Reviewed – 6th March 2018
“Sheldon’s energetic storytelling is highlighted in her perfect comic timing”
After a run at both The Vaults Festival and Edinburgh Fringe, Naomi Sheldon’s show Good Girl arrives at Trafalgar Studios in time for International Women’s Day (Thursday 8th March) with a performance that explores the formative years of a young teenage girl in the 90s, through to her thirty-year-old self in the present.
From start to finish the show is an exquisite cocktail of hilarity, tragedy and honesty delivered with a lot of punch from an incredibly engaging Sheldon. It is in many ways, a celebration of how heavily young women are influenced by other women frequently present in their lives. Good Girl reflects back to a time pre-smartphone where most of your coming of age knowledge came mainly from your mates, magazines and TV. It shows, upon reflection, how much influence your girlfriends have on you whilst you battle through the minefield of puberty and beyond.
Good Girl cleverly explores the feminine journey of growing up through celebrating, often the smallest, examples of 90s pop culture and simultaneously using relatable anecdotes to delve deeper into the problems one may encounter along the way. The success of the show truly lies in the ability to maintain and build the bond between the audience and Sheldon’s character “GG” with seemingly average memories that are revealed later to carry a darker sentiment than originally anticipated. Each scene is introduced with recognisable intros or riffs which not only maintain the incredible energy throughout the performance, but also highlight the ways in which you rely on music as a teenager as a soundtrack of your struggles and triumphs. This, in combination with the majority of the pop culture references, never once acted as a crutch for the story but more as a warm invitation into GG’s story and to serve as a reminder for how universal many parts of her journey are.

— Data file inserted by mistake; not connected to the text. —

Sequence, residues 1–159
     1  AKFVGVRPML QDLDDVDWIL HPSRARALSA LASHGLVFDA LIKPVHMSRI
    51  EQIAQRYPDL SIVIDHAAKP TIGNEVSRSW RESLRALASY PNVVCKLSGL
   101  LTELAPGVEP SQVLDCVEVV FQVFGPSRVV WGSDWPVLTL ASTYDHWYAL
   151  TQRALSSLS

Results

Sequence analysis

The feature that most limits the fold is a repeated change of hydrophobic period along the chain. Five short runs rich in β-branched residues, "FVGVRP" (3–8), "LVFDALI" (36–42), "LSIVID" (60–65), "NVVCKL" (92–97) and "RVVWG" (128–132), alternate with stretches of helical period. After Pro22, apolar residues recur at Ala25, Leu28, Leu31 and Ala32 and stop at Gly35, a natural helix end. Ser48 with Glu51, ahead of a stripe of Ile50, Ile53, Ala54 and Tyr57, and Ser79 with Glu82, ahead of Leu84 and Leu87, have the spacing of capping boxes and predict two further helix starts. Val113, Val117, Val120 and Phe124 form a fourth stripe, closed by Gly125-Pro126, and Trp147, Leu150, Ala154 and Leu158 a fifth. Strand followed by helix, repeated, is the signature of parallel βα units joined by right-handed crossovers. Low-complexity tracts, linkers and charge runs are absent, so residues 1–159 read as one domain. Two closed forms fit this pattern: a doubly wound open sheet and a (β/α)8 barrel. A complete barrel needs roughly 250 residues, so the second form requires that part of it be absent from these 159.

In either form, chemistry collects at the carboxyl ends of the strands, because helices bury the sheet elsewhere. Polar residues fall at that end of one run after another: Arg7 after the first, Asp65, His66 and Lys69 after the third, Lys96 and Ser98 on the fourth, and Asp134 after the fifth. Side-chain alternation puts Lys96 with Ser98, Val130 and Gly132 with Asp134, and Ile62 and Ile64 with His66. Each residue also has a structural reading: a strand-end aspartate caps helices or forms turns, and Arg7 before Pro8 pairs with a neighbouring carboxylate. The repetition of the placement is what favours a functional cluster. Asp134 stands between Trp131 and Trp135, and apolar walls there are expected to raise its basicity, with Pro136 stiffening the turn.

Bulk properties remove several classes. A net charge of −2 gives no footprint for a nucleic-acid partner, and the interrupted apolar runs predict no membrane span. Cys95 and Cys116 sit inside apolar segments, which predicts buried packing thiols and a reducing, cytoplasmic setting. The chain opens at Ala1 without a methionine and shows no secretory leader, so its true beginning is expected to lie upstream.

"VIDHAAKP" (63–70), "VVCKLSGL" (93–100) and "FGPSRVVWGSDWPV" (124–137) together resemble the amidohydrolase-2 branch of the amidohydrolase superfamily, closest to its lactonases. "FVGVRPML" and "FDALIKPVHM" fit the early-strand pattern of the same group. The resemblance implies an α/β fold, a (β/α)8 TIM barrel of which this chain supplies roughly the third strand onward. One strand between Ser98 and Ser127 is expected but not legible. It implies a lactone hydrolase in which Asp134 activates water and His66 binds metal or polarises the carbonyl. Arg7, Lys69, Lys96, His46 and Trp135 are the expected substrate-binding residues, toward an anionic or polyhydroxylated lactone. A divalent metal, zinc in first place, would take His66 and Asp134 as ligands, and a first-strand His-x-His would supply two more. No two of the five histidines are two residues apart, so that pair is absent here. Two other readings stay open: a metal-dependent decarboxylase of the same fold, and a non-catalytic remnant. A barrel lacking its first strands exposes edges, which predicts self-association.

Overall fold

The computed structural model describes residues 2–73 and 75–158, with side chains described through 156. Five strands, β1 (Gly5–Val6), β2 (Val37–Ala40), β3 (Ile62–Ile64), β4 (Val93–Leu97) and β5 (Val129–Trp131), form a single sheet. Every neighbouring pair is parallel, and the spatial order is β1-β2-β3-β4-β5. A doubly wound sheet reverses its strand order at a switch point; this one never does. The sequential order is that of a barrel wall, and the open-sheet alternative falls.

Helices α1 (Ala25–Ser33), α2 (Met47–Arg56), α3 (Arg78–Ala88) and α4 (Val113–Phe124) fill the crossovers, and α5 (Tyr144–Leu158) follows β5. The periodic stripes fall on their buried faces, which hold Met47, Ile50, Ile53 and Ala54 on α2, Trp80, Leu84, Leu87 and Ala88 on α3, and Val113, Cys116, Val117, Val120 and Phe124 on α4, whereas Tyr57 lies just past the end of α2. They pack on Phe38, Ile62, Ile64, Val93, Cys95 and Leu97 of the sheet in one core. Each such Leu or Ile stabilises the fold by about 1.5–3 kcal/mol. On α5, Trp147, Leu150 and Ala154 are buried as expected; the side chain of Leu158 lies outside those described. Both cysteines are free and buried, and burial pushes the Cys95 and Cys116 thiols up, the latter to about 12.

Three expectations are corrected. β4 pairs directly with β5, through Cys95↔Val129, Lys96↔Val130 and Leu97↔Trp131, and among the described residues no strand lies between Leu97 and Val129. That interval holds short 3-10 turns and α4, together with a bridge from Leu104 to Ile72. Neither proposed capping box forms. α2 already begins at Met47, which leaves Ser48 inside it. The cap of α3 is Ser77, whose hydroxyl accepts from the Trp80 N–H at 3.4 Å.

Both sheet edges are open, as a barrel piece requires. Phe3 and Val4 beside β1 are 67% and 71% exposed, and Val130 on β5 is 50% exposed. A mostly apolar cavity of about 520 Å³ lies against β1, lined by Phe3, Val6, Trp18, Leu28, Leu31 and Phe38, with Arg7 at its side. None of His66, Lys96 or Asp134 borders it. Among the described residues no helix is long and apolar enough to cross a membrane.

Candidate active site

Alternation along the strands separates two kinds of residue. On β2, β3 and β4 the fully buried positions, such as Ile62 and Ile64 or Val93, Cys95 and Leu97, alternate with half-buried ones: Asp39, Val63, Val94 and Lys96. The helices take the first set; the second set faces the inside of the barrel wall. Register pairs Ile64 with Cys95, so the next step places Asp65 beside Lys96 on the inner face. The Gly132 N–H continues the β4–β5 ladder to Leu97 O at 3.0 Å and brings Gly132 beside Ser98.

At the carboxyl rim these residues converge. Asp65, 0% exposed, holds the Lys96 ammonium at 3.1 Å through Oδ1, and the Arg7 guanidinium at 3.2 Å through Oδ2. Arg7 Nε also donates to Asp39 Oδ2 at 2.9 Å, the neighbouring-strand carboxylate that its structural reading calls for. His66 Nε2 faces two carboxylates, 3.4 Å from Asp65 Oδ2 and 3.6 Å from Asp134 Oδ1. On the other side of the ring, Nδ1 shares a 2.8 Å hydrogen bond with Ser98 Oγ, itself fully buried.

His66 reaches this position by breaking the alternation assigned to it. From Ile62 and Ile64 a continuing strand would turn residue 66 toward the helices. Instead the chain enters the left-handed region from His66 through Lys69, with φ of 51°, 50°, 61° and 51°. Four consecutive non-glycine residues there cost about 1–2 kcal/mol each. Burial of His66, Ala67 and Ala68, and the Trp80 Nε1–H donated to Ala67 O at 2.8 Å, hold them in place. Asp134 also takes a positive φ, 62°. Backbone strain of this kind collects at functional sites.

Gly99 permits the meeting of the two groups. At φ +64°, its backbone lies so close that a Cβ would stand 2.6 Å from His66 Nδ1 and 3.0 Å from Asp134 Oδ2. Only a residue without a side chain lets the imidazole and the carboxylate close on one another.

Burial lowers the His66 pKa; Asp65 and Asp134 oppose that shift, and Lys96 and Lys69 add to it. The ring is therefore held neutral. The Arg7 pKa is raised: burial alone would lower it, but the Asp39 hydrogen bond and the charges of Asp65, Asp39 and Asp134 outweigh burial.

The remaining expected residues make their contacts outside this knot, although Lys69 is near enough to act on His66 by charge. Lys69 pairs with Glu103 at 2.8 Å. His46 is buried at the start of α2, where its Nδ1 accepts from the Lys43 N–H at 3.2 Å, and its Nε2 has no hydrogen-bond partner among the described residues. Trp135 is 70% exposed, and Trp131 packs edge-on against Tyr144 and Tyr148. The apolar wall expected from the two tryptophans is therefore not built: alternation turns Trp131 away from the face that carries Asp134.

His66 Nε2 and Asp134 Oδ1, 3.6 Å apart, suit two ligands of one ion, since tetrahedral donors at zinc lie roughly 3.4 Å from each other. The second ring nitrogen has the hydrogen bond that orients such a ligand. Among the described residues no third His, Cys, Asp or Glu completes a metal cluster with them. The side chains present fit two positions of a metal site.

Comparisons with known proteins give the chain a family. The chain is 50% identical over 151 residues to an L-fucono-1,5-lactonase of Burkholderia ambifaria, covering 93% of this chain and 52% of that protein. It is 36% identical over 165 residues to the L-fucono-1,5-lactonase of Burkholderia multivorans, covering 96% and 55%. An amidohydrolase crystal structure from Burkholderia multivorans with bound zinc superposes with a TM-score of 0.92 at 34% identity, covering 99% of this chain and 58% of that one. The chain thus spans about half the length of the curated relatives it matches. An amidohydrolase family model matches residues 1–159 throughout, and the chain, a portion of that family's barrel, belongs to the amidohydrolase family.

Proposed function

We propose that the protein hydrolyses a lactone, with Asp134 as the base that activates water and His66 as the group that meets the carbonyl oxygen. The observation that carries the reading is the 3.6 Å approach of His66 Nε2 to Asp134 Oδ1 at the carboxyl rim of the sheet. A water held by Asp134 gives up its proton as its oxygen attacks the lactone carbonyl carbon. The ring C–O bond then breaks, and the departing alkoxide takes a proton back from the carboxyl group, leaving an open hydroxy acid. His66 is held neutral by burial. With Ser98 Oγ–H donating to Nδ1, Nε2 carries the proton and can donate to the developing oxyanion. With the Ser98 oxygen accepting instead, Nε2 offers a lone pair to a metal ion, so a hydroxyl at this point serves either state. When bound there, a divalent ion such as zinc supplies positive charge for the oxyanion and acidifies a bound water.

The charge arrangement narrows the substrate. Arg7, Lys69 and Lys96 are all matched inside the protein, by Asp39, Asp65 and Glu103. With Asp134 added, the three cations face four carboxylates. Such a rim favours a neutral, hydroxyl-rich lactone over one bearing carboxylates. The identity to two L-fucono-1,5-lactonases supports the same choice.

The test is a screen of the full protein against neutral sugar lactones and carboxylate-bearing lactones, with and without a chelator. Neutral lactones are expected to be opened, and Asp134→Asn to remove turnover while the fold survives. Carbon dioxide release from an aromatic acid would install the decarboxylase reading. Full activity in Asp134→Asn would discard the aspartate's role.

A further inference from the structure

Sheldon’s energetic storytelling is highlighted in her perfect comic timing as well as her skilled demonstration of mime. Although Good Girl deals with a handful of difficult subject matters, it is always presented through a lens of innocence and humour. It is this combination that will encourage seemingly forgotten memories from your teenage years to seep back into your conscience and perhaps allow for a moment of reflection on the ways in which it attributes to the person you are today.
Reviewed by Claire Minnitt
Photography by Felicity Crawshaw
Trafalgar Studios until 31st March